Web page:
Aiming for ovulation isn't the only thing you can do to increase your chances for pregnancy. Having sex often (to keep sperm healthy) and using the right lubricants can help as well.

You may have heard that particular intercourse positions or lying on your back after sex can help. That's debatable, but it's still something to consider.

And did you know that having pleasurable sex may increase your chances for conception? That said, don’t feel like this means you have to have an orgasm. It’s entirely possible to get pregnant without (female) climax during sex.

Step 5: Take a Pregnancy Test When Your Period Is Late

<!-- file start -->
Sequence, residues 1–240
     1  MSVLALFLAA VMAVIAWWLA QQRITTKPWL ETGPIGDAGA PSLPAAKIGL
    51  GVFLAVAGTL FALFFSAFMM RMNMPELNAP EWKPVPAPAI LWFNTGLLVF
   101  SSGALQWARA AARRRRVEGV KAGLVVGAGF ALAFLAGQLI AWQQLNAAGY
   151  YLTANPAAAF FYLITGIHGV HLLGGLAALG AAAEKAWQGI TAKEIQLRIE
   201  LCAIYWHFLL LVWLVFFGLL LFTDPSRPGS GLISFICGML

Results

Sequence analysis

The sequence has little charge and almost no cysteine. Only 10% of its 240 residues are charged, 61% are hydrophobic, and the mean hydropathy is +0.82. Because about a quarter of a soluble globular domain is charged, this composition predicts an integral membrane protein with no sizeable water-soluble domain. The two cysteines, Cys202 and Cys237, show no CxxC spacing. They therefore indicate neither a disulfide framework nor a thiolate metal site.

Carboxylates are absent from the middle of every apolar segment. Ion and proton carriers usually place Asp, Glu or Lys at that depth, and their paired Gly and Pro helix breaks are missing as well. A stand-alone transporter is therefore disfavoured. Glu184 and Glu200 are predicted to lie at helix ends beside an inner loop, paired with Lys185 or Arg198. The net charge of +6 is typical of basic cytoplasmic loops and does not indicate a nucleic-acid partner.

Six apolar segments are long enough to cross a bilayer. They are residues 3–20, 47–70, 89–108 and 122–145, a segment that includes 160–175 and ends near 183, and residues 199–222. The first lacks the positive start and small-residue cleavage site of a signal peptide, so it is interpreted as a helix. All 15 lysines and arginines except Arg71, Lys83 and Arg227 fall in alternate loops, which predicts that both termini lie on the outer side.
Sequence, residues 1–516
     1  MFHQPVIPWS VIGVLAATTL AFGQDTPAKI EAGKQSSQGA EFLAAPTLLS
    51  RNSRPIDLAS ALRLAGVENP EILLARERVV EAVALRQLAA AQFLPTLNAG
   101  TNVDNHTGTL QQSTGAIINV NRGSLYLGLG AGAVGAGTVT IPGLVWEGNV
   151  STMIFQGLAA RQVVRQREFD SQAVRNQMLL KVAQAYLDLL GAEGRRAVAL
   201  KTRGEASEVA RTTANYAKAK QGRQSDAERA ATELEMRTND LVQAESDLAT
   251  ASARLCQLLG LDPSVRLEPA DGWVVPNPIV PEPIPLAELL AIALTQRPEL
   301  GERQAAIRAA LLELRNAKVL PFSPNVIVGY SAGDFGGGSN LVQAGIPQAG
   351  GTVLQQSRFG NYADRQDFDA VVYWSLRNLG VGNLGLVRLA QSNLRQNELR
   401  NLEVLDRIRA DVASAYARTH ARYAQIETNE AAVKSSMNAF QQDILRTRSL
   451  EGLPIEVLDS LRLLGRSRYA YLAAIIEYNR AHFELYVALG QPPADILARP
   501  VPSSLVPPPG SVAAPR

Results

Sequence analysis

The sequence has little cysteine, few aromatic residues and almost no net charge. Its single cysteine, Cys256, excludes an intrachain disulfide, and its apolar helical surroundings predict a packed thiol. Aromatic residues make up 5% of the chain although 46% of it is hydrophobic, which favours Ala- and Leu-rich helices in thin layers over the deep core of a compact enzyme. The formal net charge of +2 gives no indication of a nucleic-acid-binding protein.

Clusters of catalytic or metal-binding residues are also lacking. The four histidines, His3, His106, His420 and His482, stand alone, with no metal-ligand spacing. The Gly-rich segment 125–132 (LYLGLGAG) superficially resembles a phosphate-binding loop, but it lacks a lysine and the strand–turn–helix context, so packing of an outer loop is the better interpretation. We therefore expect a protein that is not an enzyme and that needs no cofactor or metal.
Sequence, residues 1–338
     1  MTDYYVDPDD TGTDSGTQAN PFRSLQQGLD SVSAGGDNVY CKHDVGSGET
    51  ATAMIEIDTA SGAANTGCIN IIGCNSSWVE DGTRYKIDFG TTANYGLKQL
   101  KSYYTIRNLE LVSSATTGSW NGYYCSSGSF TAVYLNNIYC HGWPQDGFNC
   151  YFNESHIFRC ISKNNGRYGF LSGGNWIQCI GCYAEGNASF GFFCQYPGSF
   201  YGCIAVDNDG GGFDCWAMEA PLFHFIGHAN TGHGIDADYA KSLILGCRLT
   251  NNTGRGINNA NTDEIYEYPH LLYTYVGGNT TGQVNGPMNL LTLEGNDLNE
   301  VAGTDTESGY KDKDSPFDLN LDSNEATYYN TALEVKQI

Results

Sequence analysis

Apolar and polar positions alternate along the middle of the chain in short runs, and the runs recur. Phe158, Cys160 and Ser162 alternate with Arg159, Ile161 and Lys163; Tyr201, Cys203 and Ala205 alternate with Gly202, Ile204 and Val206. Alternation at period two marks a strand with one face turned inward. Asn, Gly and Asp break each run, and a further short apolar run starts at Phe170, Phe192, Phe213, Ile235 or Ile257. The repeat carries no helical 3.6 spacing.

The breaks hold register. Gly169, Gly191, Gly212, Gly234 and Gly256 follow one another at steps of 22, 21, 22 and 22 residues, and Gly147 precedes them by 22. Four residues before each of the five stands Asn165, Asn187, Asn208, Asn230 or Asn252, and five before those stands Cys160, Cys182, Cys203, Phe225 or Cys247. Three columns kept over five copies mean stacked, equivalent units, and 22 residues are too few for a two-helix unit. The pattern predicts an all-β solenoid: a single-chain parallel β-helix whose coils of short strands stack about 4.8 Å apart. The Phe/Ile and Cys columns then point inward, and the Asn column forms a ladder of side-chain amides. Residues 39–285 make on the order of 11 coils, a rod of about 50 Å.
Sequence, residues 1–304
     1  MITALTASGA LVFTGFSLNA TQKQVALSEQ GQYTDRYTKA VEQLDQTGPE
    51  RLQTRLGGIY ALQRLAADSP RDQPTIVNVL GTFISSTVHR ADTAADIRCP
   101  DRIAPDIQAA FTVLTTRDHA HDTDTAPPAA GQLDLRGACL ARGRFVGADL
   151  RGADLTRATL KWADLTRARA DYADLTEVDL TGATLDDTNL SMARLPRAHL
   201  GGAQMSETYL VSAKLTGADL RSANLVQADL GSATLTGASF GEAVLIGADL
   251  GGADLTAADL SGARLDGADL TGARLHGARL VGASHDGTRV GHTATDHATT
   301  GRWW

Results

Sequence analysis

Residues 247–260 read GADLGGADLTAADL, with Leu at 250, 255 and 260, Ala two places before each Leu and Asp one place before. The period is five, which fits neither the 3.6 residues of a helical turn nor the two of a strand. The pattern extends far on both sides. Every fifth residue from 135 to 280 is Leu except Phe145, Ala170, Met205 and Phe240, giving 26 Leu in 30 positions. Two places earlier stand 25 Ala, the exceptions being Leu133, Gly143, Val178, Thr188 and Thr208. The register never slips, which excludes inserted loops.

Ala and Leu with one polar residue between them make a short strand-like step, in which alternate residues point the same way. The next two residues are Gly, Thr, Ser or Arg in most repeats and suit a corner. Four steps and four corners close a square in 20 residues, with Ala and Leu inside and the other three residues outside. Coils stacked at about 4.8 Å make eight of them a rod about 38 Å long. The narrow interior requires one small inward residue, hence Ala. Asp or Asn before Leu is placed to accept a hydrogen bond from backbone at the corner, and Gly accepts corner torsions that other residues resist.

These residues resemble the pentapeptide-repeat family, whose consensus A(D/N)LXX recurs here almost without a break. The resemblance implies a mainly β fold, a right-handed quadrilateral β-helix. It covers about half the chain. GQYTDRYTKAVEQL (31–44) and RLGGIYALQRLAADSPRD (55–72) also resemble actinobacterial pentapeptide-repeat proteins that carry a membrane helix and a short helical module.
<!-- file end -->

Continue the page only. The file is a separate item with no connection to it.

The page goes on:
When your period is late, you can consider taking a pregnancy test. Hopefully you’ll get a positive result sooner than you expect, but keep in mind that only 38 percent of couples get pregnant their first month trying. (This only includes couples who are actively tracking ovulation, so for those who aren't, it may take a little longer.)

How about those early pregnancy tests? Should try those? Be careful. First of all, you can be pregnant and get a negative result on an early test. This can be disappointing, and all for nothing.

Secondly, taking early tests can be addicting. It’s best if you resist early pregnancy testing and wait until you’re at least one day past your expected period.

Step 6: Be Patient

It's normal to hope for a positive pregnancy test the very first month you start trying to conceive. However, as mentioned above, just 38 percent of couples conceive their first month of trying.